As we usher in a new season, it is great to see so many of us have returned to the office and children to school.
In my office we are mostly back and enjoying a new kind of normal, catching up after a long period of working primarily from home.
It is also encouraging to see more of us making journeys by public transport with nearly a quarter more people travelling by bus in the first week of September than August.
New health and safety measures are in place across our bus and train networks, including additional running buses and longer trains to ensure social distancing. We must also work to keep ourselves safe where we can, remembering Hands, Face, Space or, in other words, washing hands, covering faces and keeping distance. I believe, given these steps, that we should all feel confident to make more journeys by bus and train – and it is vitally important that we do.
Despite an increase in recent weeks, the number of people making journeys by bus remains two thirds lower than at this point last year. The impact of this is that bus providers are having to be sustained by government funding. But this is a temporary fix and realistically if we do not see a steep increase in the numbers of people travelling by bus than services are likely to be cut back. This would be challenging for many of us in the long term, particularly those in rural areas.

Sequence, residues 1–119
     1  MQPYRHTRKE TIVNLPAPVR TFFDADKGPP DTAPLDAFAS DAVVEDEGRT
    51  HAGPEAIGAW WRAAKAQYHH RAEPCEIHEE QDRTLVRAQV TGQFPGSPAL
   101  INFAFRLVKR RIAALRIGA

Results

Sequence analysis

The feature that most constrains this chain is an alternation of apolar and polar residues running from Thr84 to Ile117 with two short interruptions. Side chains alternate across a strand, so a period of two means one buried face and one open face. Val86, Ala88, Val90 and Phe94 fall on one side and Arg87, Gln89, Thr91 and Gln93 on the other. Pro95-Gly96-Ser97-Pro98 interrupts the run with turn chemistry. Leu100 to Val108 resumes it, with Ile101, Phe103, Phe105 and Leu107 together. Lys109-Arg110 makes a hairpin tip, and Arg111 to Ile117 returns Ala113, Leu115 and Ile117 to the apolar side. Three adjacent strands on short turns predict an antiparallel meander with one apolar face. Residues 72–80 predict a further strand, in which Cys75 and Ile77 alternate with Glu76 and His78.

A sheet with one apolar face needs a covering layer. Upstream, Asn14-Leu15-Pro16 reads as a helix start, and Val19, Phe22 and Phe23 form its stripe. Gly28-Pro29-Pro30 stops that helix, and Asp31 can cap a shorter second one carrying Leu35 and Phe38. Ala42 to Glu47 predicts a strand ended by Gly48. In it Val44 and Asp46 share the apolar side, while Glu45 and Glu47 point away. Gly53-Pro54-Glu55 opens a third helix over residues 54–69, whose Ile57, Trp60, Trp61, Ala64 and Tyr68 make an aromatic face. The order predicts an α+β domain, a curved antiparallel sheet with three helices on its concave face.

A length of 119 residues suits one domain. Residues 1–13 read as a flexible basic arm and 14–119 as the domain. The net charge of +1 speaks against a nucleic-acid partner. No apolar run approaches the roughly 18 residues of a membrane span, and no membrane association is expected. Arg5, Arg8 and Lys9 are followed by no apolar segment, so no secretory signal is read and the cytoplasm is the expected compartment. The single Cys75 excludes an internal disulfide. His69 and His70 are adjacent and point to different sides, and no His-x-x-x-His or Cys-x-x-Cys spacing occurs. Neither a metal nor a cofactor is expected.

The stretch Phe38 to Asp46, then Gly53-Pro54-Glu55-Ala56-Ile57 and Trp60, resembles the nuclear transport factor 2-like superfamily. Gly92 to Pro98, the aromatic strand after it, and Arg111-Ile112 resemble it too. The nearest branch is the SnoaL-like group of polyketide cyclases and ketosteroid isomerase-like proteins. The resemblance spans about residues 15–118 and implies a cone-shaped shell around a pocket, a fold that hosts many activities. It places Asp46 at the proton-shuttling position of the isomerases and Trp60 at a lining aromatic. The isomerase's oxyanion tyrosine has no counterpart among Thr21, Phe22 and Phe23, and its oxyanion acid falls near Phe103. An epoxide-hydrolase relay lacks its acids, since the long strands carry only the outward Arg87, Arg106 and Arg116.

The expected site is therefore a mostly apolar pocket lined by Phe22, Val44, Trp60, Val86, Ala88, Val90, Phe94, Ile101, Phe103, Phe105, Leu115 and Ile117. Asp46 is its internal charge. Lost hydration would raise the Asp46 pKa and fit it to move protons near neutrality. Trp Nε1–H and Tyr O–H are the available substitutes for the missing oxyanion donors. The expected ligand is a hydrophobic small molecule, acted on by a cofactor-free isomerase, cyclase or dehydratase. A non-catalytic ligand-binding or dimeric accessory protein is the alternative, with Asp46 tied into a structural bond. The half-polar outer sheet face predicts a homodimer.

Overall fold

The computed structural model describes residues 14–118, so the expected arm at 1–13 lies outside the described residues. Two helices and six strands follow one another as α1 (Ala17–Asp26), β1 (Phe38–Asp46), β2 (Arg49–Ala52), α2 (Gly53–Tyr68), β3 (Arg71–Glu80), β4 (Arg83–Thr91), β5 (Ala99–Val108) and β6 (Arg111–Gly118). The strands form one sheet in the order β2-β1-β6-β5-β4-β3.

Train services are also under threat, which could be disastrous for people living outside of big cities. We saw last week that CrossCountry Trains have temporarily removed stops along its routes, including Manea and Whittlesea. As Mayor of this region, in which more people live outside of cities than in them, this is unacceptable to me.
I will continue to do everything in my power to bring about better public transport for the entire region. But I need your help. It is hard to make the case for more services when people aren’t using them. Quite simply when it comes to public transport, we must use it, or we risk losing it.